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Stress-free menopause: how hormone therapy helps women

With age, women experience a natural decrease in reproductive function, known as menopause. This process takes a long time and is accompanied by changes in the physical and emotional state, hormonal restructuring and complete cessation of menstruation. On average, menopause (the so-called last menstruation in a woman's life) occurs at the age of 45-55 years, but its precursors may appear earlier, and the process of "restructuring" the body can last for several years. A decrease in the level of female sex hormones leads to unpleasant symptoms that not only worsen the quality of life, but can also contribute to the development of serious diseases. Although menopause is not a disease and does not require treatment, there are methods to improve well-being and prevent complications. One of these methods is menopausal hormone therapy (MGT). The decision on the need and time of MGT is made by a gynecologist. To understand whether such therapy is necessary for all women, it is important to understand the nature and characteristics of menopause.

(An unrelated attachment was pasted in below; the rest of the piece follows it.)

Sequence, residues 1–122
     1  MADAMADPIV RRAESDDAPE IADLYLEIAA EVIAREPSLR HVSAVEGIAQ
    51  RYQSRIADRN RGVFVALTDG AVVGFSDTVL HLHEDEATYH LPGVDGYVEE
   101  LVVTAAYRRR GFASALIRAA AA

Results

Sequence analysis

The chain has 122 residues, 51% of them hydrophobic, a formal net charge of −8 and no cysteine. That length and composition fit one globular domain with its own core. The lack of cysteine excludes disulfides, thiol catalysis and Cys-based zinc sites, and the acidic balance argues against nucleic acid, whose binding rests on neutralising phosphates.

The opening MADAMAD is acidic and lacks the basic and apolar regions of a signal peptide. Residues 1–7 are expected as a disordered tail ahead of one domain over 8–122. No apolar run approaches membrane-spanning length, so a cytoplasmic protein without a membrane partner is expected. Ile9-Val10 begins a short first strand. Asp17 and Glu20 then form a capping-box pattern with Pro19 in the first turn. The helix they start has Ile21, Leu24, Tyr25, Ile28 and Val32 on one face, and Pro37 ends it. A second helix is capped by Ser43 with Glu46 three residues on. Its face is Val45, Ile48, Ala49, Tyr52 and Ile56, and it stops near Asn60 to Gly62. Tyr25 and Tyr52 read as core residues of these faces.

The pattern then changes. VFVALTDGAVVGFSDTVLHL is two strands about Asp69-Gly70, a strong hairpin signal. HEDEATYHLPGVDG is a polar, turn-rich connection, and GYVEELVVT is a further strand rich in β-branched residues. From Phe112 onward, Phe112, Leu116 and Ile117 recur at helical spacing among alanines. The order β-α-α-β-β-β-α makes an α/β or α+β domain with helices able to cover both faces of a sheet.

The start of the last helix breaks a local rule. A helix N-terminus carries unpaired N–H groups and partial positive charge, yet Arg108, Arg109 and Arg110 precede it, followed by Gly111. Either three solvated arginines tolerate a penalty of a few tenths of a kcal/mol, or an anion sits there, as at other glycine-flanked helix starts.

Published at

June 26, 2024

Stages of menopause

Menopausal syndrome is a natural process of age-related changes in the female body, in which the production of essential hormones such as estrogens and progesterone decreases. Usually this process occurs gradually and is not always accompanied by obvious clinical symptoms.
The process of menopausal transition can be divided into several stages, which smoothly merge into each other. The time of onset and duration of each stage are individual for each woman.

Menopause periods and their signs: